Thought Leadership / Featured / How Tech Drives Wealth Management – Mirador Interview
FamilyWealthReport / Tom Burroughes with Joseph Larizza, Mirador, LLC Managing Partner
29 January 2019
In your view, what technology do you see as causing the largest changes to wealth management and why? Who, what and where is leading on innovation and setting a forward example?
Since the early 2000s wealth management technology has been democratized through web-based software-as-a-service offerings such as Salesforce, Addepar, Black Diamond, client portals, and other tools. In 2019, wealth firms should have little need to house, operate and incur the expense of any IT infrastructure such as physical servers.
The theme of the today should be about aligning your technology with your business needs. Any function that is not a firm’s core competency should be outsourced to a service provider. If technology is required, it should be deployed to fit broader business drivers such as the goal of getting to “one-touch-of-the-data” – eliminating the need to re-key the same data such as phone numbers, email address or account numbers into several systems – thereby increasing the consistency, accuracy and timeliness of data. To do this, firms should focus on leveraging simple-to-use data movement tools such as Zapier.com and data-driven programming languages such as Python with standardized file formats like JSON to move data.
Firms have a budget decision to make: do they spend on technology they want for business growth and future profit, or are they forced to devote budget to tech they must have for compliance reasons? Is this decision “pain point” becoming less difficult today as so many compliance and regulatory issues have already gone through, or does it remain a big headache?
We believe the decision is not mutually exclusive nor a `pain point’. Given the heightened regulations over the past decade, many of today’s leading-edge technology tools contain compliance-oriented components, even at the most basic level. Features like audit trails and logins for oversight personnel are becoming standard. An example would be a trading system that features pre-trade and post-trade compliance functionality with enhanced workflows. Previously, this would have required at least two systems.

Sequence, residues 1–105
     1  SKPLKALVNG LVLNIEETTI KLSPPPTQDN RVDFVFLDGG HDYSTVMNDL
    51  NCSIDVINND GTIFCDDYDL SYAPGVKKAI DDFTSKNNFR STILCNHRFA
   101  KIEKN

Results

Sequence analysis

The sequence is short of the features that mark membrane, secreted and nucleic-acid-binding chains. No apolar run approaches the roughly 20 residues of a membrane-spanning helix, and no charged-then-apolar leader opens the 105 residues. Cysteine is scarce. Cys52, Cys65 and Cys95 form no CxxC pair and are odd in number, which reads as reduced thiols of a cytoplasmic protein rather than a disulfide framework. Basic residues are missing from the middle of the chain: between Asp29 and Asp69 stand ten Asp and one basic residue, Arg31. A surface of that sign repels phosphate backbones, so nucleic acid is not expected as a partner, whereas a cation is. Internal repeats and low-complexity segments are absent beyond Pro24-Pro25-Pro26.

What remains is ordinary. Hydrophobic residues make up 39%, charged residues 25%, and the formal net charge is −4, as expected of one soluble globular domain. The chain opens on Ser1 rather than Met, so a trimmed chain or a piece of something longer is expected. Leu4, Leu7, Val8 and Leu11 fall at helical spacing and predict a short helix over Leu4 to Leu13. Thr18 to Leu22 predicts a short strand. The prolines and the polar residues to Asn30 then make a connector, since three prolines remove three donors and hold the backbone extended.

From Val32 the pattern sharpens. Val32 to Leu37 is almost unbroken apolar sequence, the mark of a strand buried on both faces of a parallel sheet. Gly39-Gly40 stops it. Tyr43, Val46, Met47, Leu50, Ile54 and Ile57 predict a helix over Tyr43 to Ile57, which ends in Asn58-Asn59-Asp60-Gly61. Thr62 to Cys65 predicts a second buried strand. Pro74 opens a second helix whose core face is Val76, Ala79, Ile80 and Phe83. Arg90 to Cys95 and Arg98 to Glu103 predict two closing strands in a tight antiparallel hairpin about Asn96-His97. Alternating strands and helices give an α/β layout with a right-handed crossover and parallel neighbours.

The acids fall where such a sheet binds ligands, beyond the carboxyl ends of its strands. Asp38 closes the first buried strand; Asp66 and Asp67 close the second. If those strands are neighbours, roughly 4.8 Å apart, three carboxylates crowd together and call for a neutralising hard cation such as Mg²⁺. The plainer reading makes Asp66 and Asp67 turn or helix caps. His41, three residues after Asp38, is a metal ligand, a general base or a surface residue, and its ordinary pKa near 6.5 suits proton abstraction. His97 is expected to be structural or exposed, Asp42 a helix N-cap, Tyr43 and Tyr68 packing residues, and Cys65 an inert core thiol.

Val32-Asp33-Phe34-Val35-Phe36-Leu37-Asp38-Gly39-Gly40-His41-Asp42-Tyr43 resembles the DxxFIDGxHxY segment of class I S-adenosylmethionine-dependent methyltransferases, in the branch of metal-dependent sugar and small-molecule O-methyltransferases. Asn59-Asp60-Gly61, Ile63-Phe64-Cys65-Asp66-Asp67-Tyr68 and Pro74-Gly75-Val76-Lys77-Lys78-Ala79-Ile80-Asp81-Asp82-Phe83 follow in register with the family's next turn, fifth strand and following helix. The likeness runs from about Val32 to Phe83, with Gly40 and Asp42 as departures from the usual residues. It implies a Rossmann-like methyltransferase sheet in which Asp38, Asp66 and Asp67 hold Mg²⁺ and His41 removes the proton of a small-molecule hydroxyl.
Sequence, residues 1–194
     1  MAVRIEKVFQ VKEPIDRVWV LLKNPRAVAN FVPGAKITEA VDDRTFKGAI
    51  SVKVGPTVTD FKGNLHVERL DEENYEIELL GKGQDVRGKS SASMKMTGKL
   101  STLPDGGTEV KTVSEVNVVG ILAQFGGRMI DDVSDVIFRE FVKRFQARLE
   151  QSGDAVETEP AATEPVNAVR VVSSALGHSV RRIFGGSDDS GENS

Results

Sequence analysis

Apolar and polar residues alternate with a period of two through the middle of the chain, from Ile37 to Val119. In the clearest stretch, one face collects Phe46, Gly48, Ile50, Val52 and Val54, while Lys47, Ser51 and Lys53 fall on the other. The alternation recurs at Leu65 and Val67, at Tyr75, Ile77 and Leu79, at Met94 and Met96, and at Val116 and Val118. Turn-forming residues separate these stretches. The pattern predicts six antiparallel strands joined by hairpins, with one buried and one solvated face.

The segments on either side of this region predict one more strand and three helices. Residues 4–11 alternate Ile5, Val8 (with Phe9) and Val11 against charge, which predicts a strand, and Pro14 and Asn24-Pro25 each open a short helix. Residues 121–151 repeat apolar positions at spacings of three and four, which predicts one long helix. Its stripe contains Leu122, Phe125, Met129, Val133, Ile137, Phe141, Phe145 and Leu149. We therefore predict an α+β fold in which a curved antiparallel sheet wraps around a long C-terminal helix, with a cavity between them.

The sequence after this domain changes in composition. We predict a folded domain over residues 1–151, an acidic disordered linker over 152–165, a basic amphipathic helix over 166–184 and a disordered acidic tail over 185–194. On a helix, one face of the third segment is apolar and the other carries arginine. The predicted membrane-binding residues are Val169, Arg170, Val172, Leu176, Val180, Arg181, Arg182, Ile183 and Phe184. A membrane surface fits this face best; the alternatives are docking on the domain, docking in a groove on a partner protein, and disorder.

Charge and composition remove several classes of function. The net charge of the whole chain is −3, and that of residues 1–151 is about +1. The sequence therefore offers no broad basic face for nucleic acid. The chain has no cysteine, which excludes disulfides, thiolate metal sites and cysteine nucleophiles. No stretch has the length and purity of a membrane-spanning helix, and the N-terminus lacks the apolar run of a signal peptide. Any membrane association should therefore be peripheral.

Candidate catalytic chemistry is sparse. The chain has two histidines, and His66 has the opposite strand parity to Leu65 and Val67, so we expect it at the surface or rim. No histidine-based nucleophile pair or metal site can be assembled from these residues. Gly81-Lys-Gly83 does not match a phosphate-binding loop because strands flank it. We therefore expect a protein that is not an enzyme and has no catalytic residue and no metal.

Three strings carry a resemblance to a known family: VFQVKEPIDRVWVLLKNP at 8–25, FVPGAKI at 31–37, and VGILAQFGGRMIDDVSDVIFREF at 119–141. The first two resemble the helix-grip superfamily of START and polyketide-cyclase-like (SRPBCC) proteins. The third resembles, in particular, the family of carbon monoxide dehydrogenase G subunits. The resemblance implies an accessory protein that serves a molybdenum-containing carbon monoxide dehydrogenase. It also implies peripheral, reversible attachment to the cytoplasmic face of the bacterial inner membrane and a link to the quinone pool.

What in your view are the main technology needs of the following entities in the sector: private bank, family office, life insurer, discretionary fund manager, independent financial advisor?
In today’s technological environment data is often obfuscated by poor information architectures . We believe the most critical technology need for a firm is to have a single source of the truth for their financial accounts and clients. We refer to these two data sets as the Account Master and Entity Master . All reporting – from firm MIS, to compliance statistics, to client reports, to operational data should be should exclusively from these two systems. Furthermore, any non-core technologies should be integrated with the account and entity master to achieve ‘one-touch-of-the-data’ and heighted operational efficiency. These simple tenants will incrementally streamline processes and increase information accuracy.
Wealth management is a “people business” so to what extent in your view can tech ever be a big differentiator for firms competing for business?
Although the wealth management industry is still a ‘people business’, technology has been commoditized to a point where certain applications and functionality have become table stakes. Firms must have these applications to show clients that they are staying ahead of the curve and investing in value-added technologies.
Individual pieces of technology are only tools and enablers for better output. The true differentiator is a cohesive technology platform that allows the firm to service their clients better. This is the genesis of Mirador’s tech stack assembly framework: “the 15 technology decisions” of a wealth management firm.
Where do you put technology in the order of priorities for the industry?
We don’t look at technology as priority in itself; technology permeates all priorities of a firm. Every key strategic decision should incorporate thinking about how to use technology to create efficiencies and/or improve accuracy. Ideally, the plans should include both a short-term approach that can be deployed quickly to gain some level of automation, as well as a longer-term approach that includes insights on how particular technologies are evolving and can be integrated into the firm’s technological ecosystem.